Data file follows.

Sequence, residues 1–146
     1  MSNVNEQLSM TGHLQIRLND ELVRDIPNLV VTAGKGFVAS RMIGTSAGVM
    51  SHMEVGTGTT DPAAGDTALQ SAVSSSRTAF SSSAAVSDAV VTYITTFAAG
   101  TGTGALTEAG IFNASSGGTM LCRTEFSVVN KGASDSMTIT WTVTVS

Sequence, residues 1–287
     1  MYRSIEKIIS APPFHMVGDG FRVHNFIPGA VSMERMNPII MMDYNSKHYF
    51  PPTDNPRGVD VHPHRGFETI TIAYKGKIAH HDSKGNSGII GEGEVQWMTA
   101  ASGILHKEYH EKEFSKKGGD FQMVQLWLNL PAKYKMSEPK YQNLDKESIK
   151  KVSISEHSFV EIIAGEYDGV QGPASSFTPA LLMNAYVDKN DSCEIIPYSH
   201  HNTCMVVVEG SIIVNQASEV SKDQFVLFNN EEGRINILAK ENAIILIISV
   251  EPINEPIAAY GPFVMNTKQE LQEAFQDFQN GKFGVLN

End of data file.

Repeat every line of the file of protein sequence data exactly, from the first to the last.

Sequence, residues 1–146
     1  MSNVNEQLSM TGHLQIRLND ELVRDIPNLV VTAGKGFVAS RMIGTSAGVM
    51  SHMEVGTGTT DPAAGDTALQ SAVSSSRTAF SSSAAVSDAV VTYITTFAAG
   101  TGTGALTEAG IFNASSGGTM LCRTEFSVVN KGASDSMTIT WTVTVS

Sequence, residues 1–287
     1  MYRSIEKIIS APPFHMVGDG FRVHNFIPGA VSMERMNPII MMDYNSKHYF
    51  PPTDNPRGVD VHPHRGFETI TIAYKGKIAH HDSKGNSGII GEGEVQWMTA
   101  ASGILHKEYH EKEFSKKGGD FQMVQLWLNL PAKYKMSEPK YQNLDKESIK
   151  KVSISEHSFV EIIAGEYDGV QGPASSFTPA LLMNAYVDKN DSCEIIPYSH
   201  HNTCMVVVEG SIIVNQASEV SKDQFVLFNN EEGRINILAK ENAIILIISV
   251  EPINEPIAAY GPFVMNTKQE LQEAFQDFQN GKFGVLN